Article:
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Raised Cane Vases

Another source of my inspiration is music. For many years I have studied Afro-Cuban percussion. The music of the community is reflected in my sculpture. Traditional, folkloric Afro-Cuban music and Jazz share the same spirit of improvisation as glassblowing. When I’m playing in a group, I respond to what the other musicians are doing to create a whole. Something of that improvisation is found in my glass studio, where I work with three assistants. We all have to respond to each other’s movements, timing, and actions to create the finished piece. The horn form, which I have used in many of my sculptures, is a tribute to the improvisational nature of the music and a potent symbol of our culture. The titles of these sculptures are taken from different Jazz tunes.

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Rejoice

My production work is influenced by the Italian tradition of glassblowing, but has a distinctly American flavor. Vibrant colors and the spontaneous improvisation of these unique designs distinguish my work in a two thousand year tradition of glassblowing. My “Tutti Frutti Goblets” are all one of a kind, spontaneous expressions of life’s pleasures. As in any group, no two are like. When they are together, they enhance each other’s presence, creating a unique and beautiful experience. My goblets are very functional, and they set a beautiful table. I celebrate the communion I share with the people who drink from my glasses.

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Tutti Frutti Wine Goblets

Glass is a very common material, but at the same time it is mysterious and exciting. It is made primarily from sand mixed with other chemicals,to make the silica melt at a lower temperature (2000 degrees F), and to give the glass certain working and visual properties. In the studio, the fire, the movement, and the need to be constantly focused on the process have sustained my love affair with this amazing material. I am constantly learning new techniques as I work. With glassblowing, there is always a sense of discovery that is truly endless.

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Tutti Fruiti Water Goblets

Another reason glass appeals to me is that the tools and the processes we are using today basically haven’t changed over the last thousand or more years. We’re living in a techno-industrial society, but we’re carrying on this tradition, perpetuating the culture of handmade things. A glass blower from a thousand years ago could sit at my bench today and know exactly what to do. Glass does not deteriorate. It is fragile yet strong. The pieces that survive are a record of our culture and history, as they have been for thousands of years.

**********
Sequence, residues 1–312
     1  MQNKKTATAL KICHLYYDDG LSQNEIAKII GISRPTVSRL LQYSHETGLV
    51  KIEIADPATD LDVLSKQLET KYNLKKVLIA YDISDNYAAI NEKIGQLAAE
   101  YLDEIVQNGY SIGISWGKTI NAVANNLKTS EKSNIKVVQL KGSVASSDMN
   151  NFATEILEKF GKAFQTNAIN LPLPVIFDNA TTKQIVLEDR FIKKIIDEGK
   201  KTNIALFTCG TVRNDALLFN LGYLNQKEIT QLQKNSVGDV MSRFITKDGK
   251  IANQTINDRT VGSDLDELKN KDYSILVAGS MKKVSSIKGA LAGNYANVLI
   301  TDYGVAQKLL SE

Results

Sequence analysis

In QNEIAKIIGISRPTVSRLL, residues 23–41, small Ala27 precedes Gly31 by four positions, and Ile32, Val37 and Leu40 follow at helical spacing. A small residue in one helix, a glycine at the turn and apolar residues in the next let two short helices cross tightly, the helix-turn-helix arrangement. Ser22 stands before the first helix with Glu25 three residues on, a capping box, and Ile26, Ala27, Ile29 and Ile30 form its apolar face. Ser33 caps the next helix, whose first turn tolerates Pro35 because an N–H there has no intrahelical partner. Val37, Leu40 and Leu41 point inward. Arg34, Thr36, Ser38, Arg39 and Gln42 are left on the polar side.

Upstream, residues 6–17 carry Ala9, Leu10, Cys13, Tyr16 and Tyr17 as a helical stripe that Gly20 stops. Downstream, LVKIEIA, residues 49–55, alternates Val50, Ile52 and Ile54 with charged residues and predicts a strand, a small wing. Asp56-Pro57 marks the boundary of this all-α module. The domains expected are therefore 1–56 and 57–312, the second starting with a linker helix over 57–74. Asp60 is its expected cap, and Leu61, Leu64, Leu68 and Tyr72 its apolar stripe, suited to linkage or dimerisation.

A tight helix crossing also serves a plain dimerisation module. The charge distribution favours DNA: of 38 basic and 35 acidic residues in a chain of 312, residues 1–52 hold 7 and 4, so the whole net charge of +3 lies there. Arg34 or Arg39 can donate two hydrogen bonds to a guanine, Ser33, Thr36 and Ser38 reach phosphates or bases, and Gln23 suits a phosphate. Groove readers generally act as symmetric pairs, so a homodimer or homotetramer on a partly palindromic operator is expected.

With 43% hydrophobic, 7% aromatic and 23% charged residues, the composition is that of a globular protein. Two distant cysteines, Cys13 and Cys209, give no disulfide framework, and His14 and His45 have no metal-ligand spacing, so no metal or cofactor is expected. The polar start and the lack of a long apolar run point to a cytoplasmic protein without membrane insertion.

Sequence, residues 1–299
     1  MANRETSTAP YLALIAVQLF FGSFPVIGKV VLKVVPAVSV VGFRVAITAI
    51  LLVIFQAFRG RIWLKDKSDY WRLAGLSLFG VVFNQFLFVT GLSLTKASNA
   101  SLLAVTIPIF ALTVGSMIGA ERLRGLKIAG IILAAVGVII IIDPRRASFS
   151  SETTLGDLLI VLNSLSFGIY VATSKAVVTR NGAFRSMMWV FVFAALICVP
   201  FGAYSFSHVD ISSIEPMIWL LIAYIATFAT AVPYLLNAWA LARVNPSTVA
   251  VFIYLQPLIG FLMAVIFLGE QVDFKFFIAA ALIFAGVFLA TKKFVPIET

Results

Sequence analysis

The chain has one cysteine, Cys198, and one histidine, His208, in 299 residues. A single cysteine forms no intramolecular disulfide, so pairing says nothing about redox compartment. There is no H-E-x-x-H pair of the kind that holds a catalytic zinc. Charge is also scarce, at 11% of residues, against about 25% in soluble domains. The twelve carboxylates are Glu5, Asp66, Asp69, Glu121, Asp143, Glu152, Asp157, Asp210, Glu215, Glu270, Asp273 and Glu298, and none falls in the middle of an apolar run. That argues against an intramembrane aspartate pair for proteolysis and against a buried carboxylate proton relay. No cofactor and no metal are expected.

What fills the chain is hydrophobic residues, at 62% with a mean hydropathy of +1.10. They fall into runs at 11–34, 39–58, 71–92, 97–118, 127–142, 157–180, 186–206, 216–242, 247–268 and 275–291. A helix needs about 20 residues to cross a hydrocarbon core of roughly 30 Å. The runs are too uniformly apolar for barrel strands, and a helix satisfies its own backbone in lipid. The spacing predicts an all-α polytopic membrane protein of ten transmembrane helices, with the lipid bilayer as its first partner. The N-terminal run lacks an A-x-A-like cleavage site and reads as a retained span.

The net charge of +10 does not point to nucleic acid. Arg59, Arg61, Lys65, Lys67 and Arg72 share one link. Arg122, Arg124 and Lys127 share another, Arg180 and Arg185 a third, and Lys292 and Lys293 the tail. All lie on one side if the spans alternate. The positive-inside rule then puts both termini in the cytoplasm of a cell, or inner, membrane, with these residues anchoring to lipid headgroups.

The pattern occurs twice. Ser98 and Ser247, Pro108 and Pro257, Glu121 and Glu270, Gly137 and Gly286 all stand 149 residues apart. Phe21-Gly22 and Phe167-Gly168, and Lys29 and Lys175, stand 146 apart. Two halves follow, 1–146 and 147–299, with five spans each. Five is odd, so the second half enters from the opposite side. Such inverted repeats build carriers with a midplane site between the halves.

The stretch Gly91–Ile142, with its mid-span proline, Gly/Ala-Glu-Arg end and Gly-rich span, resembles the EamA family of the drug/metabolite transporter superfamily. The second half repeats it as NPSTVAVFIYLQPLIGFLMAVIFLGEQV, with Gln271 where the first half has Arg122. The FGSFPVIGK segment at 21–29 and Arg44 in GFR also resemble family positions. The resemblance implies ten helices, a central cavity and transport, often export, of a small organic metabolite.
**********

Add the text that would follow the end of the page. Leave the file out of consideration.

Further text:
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Three Birds Candelabra

This summer will be an exciting one for glass and art on Nantucket. The Dane Gallery is proudly sponsoring a return visit by the Hot Glass Roadshow of the Corning Museum of Glass. (www.hotglassnantucket.org) All of the proceeds from “Hot Glass Nantucket 2016” will directly benefit the Nantucket Boys & Girls Club, a vital island organization dedicated to the education and development of the youths of Nantucket. So far we have raised almost $200,000 to support the programs of the Club.

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The Hot Glass Roadshow is a portable glassblowing facility dedicated to bringing the artistry and education of glassmaking to the general public. “Hot Glass Nantucket 2016” will be a great opportunity for the Nantucket Community to experience the mystery and excitement of glassblowing firsthand. The focal point of the program will be “You Design It; We make it!” Children will participate by designing and drawing a glass object. Over the course of the weekend, designs will be chosen to be created in glass by the Corning glassblowers. This will be a unique and special experience that they will never forget. In addition, we will present glassblowing demonstrations by artists represented in our gallery: Raven Skyriver, Toots Zynsky, and myself. See their work at www.danegallery.com, and my work at www.robertdane.com.

Here are a couple of videos to get a sense of what we do in the hot shop:

 

Raven Skyriver: https://vimeo.com/96101947

Robert Dane: https://www.youtube.com/watch?v=vxwpLb16hpw

 

Tell the Good Stories

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There’s a wonderful quote by Howard Thurman: “Don’t ask yourself what the world needs. Ask yourself what makes you come alive and then go do that. Because what the world needs is people who have come alive.”

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I felt doubly blessed after reading those words, because I’m convinced that what makes me come alive is also just what the world needs. I recently had the privilege of attending two multi-day conferences–The Nantucket Project, on Nantucket Island in September, and The Design Futures Council’s  (DFC) Leadership Summit on Sustainable Design in Dallas, Texas in October.

The speakers were among the most renowned politicians, business leaders, philanthropists and artists in the world. The topics they spoke on were self-selected, and reflected their deepest beliefs and best work.  It’s easy to become discouraged when we focus on the world’s problems, but it’s also possible to focus on solutions. Pete Seeger once said: “The key to the future of the world is finding the optimistic stories and letting them be known.”

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At both conferences, I was completely captivated by the number of intelligent, thoughtful, creative and dynamic thought-leaders and life-changers on this planet, and the optimistic stories they told. I was uplifted, inspired, and re-invigorated in my desire to keep spreading the word about sustainable design. I want to do everything I can to help make the earth a cleaner, healthier place to raise our children and grandchildren, and take good care of our elders, too!